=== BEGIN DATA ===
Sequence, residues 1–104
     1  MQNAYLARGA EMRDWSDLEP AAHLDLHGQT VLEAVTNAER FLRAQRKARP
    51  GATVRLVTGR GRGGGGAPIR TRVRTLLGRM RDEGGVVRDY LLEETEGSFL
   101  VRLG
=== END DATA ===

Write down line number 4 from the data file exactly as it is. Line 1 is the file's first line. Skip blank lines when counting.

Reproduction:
   101  VRLG